MV – “Plaga Templum” is a temple built during the quarantine in Bergamo. Its structure is inspired by the medieval sanctuaries built during the plague of 1300, in particular the Romanesque Basilica of Santa Giulia di Bonate Sotto (BG). On the pediment of the sculpture, there is a print of the famous “Danza Macabra” di Clusone, also evidence of the plague in the province of Bergamo in the twelfth century. “Introspective Urbanism” is a sort of habitation which, with its windows, attracts and intrigues the observer’s gaze. Every room, every corner incites you to investigate. The voyeurism practiced by the observer transports him to the internal dimension of the structure; a kind of external introspection. The house, with its rooms and its floors, is an aesthetic transposition of the human psyche.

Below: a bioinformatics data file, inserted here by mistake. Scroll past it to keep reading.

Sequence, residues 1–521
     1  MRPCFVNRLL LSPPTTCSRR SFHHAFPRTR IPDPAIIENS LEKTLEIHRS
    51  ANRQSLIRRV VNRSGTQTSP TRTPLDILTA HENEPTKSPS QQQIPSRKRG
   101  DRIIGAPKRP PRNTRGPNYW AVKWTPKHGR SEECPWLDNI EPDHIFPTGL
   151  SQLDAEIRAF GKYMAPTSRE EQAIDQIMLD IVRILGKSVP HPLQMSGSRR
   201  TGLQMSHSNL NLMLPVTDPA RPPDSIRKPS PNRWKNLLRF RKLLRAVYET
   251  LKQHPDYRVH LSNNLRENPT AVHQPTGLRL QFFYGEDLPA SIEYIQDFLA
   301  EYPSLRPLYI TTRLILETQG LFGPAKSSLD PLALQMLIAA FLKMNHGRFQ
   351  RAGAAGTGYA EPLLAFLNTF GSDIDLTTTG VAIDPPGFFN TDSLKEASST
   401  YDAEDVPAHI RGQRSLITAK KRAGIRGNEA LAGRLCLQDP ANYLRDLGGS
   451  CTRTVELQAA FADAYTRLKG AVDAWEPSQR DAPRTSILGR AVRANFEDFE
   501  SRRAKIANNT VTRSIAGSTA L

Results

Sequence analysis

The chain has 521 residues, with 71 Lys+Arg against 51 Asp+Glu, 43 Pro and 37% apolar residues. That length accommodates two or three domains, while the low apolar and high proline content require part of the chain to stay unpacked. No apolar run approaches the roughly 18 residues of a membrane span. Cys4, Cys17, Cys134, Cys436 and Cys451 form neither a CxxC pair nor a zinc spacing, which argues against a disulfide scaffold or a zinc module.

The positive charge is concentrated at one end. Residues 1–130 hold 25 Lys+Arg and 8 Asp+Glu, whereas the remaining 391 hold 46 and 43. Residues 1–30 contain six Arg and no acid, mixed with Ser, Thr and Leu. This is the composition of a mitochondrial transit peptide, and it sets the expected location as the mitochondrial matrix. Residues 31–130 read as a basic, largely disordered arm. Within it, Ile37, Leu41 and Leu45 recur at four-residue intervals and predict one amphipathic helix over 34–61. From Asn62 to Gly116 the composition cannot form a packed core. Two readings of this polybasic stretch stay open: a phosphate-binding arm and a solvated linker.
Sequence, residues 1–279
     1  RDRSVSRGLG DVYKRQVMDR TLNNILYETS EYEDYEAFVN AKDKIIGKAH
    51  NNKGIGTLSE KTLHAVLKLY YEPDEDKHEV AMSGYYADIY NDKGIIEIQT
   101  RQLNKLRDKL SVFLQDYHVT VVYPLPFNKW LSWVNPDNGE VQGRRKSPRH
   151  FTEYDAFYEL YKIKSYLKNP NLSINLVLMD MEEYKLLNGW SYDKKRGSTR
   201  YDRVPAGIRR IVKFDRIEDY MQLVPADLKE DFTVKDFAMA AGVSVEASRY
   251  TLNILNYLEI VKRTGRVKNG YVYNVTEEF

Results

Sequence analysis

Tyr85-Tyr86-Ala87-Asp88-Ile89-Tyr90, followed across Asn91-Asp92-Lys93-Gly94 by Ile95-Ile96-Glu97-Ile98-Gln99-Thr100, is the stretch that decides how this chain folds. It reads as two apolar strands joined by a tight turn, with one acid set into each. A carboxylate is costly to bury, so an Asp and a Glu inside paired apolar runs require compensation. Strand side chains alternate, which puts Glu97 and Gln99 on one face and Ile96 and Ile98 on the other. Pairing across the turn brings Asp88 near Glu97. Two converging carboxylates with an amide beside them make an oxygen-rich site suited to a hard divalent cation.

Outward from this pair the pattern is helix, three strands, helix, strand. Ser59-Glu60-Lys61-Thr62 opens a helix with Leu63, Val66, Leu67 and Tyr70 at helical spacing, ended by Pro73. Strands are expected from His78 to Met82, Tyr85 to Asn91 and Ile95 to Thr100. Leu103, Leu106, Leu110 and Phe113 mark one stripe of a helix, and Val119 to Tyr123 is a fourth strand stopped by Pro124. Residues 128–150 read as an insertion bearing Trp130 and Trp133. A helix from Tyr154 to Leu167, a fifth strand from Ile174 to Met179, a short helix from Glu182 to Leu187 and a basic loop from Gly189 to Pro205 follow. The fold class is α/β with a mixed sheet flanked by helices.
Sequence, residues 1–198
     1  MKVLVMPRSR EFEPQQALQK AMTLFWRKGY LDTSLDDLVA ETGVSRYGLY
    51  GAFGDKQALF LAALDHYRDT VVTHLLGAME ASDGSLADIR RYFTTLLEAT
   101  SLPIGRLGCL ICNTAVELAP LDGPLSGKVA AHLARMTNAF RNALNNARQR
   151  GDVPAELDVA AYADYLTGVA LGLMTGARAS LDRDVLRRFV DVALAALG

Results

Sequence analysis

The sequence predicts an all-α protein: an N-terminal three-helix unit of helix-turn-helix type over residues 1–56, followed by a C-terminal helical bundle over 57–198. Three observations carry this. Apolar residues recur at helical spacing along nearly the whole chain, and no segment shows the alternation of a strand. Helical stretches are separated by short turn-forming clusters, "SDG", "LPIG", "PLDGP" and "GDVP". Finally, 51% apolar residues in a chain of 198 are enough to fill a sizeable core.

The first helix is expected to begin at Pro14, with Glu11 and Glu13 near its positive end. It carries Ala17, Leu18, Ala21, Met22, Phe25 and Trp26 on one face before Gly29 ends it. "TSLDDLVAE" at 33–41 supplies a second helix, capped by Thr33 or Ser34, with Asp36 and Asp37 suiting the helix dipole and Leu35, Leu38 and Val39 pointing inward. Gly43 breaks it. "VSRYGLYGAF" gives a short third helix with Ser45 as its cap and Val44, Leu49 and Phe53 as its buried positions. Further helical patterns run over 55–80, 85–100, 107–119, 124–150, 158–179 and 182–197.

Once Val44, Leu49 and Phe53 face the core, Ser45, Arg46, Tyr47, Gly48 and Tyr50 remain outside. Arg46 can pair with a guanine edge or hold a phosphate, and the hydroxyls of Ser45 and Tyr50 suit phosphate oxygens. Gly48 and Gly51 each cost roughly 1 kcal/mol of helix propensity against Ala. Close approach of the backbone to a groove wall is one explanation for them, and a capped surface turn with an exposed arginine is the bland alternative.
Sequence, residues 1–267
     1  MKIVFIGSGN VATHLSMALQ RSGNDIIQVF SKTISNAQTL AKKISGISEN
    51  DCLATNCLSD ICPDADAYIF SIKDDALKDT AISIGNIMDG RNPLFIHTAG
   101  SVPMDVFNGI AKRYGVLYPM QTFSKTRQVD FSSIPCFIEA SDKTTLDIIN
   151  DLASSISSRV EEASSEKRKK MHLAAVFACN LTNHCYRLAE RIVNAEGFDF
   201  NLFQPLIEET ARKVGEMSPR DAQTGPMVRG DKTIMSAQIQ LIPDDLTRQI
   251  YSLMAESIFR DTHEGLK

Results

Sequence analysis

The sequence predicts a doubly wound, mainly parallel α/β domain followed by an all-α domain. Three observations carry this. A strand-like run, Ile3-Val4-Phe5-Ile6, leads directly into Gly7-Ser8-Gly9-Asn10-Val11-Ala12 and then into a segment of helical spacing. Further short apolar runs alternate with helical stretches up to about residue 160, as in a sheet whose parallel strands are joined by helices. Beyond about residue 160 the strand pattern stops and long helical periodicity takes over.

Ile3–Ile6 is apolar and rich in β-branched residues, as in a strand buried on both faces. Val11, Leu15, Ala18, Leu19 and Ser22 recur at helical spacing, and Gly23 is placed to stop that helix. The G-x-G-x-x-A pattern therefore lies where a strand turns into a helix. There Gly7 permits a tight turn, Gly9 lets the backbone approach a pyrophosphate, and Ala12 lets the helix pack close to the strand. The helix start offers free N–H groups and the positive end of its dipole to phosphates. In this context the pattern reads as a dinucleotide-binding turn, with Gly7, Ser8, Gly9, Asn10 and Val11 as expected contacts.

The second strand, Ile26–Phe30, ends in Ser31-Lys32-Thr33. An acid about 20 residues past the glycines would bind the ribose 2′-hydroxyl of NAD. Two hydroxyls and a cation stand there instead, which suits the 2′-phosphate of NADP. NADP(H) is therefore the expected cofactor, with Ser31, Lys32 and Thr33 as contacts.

LC – What do you think about the organization of our event?
MV – I was pleasantly impressed with the number of people working on organizing the event. I always received immediate responses and was followed step by step by the staff. I am glad that despite the pandemic and restrictions we were able to open the exhibit.
LC – Would you suggest a collaboration with us? What do you think about our services?
MV – This is my first show with you, but I felt very cared for and at ease, so yes, I would gladly suggest it. As mentioned I was pleasantly impressed with the organization and services.
LC – Do you think ITSLIQUID GROUP can represent an opportunity for artists?
MV – Because of the pandemic, it’s hard to say, it’s my first time with you. Certainly, for me it was, and I am very satisfied with it.